30 First Drafts

I'm probably going to regret this.

I am not attempting to write a 50,000-word novel in the month of November 2010.

I am not attempting to write 30 nodes in the month of November 2010.

I am attempting to write 50,000 words of fiction in the month of November 2010, most likely in the form of 30 short stories of 1,667 words or more.

These are first drafts, written at lightning speed, with no editing whatsoever.

Today in 30 First Drafts...

A deeper explanation

As you may know, both from the (typically month-long) delays between consecutive installments of Fine Structure, and from the six months which have elapsed since I last wrote a piece of fiction, I am not a fast writer.

For the most part I spend a great deal of time thinking about how the current work will fit into larger story (particularly future stories), I write the actual prose quite slowly and carefully with much delay for research, I put effort into selecting the correct words, and I spend a great deal of time editing for maximum clarity, punch and non-stupidity.

Until now.

This month, I am writing in extreme hardcore mode. I have been dwelling on a very wide range of short stories for some months now, uncertain about how to pin them all together, but I knew that if I procrastinated enough NaNoWriMo would come along and I would have an excuse to loosen up a little. I am writing at extreme speed with very little regard for forethought, just letting prose go where it wants. I am making very light use of the backspace key. I am explicitly refraining from using reference materials-- quoth Stephen King, it breaks the writer's trance, and if the specific details matter to the story, then it is the story that needs work, not the details.

In my mind, November is the month in which you force yourself produce 50,000 words. December is the month in which you edit those words into something presentable-- assuming that there is anything left afterwards, of course.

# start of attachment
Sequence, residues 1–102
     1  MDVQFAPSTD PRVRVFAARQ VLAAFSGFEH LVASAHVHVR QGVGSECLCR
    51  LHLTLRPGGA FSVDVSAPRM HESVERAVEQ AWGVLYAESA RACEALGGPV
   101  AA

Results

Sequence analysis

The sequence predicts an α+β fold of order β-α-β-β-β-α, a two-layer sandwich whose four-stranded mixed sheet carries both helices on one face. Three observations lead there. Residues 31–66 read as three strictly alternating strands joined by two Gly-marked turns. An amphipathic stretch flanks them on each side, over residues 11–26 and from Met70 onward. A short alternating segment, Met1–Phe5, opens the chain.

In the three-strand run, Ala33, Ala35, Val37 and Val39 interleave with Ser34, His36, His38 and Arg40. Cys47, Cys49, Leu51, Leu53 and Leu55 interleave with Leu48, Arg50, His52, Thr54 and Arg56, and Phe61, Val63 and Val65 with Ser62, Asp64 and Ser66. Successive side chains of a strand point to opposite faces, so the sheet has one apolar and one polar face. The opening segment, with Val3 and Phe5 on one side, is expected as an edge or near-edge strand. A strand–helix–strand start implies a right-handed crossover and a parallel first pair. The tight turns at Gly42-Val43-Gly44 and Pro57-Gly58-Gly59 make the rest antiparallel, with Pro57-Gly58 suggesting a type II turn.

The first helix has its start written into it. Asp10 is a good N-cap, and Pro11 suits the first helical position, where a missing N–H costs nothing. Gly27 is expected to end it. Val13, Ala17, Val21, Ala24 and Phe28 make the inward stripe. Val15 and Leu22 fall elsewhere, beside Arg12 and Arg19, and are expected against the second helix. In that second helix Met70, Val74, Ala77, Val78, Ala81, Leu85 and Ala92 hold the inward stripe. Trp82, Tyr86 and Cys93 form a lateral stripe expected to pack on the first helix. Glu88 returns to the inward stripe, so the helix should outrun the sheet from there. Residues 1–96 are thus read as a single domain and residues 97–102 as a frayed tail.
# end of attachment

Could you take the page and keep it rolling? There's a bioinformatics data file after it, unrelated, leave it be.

Stay with me.


In case anybody is wondering, these drafts seem to take approximately two and a bit hours each to write. So far.


These are first drafts. Some of them, I'm now developing into finished stories.

The stories Thaumic, Magic NASA, Placebo Engineering, Laura Ferno And The Bomb and The Self-Reliant Heroine all take place in a shared "magic as engineering" sort of universe. I took the best of these concepts and used them for a new and longer story, Ra, which is in progress. Please read!

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Discussion (12)

2010-11-02 22:18:22 by Col:

This should be good :)

2010-11-03 01:35:34 by Anonymous:

Sam Hughes, I love your fiction.
Fine Structure was _awesome_
And so is NaNoWriMo.

Good Luck!

2010-11-03 08:00:39 by skztr:

Will the unedited versions remain once the editing has finished?

2010-11-03 22:47:38 by Publius:

Good luck! I know you can do it!

After learning about nanoreemo, I've decided to try it... starting today 11-3, I shall write 2000 words each day. I passed it today, but I don't think I'll be able to finish it. I'm rooting for you to get 50K words in a month!

2010-11-04 19:31:48 by Lucas:

I've been waiting for some more fiction for quite a while... let's see how this goes.

2010-11-05 15:56:25 by Snowyowl:

I agree with Lucas, it's nice to see some of your ideas come to fruition.

2010-11-09 14:55:48 by dankuck:

You and NPR inspired me to do something similar, but with drawings. Starts here: http://foolishmortal.org/user/1/message/1/ae80058a8c196084cb9f315152c3252c

2010-11-15 03:47:54 by Revan:

I was in the IRC channel for my NaNo node, and I mentioned Fine Structure to someone...and when I come to the site, first thing I see in the fiction section? "NaNoWriMo" xD

Good luck!!

(Also, I loved FIne Structure)

2010-11-27 10:40:23 by MHD:

I love your writings. I am a bit of a hobby writer myself and you simply inspire me.

2011-05-30 06:04:51 by Andy:

I discovered this site some 10 days ago. You've completely destroyed my sleep cycle, and it has been completely worth it. Keep up the excellent work.

2011-06-14 18:22:18 by Mike:

Wow, it seems like just yesterday that you were writing these. Somebody should compile this into an ebook; I have neither the means nor skill (nor patience) to do so.

2013-10-14 20:30:38 by Mike:

I'm exceedingly late to the party, but I finally read 30 First Drafts to investigate Ra's prototype stories. S-Hell, The Bird, A Better Monster, Oceania Has Never Been At War, and especially No Car Chases In Books, Are There? are my favorites; I also like the loopy whimsicality of Always Morning, Never Breakfast and the surreal whimsicality of Agile + Cake.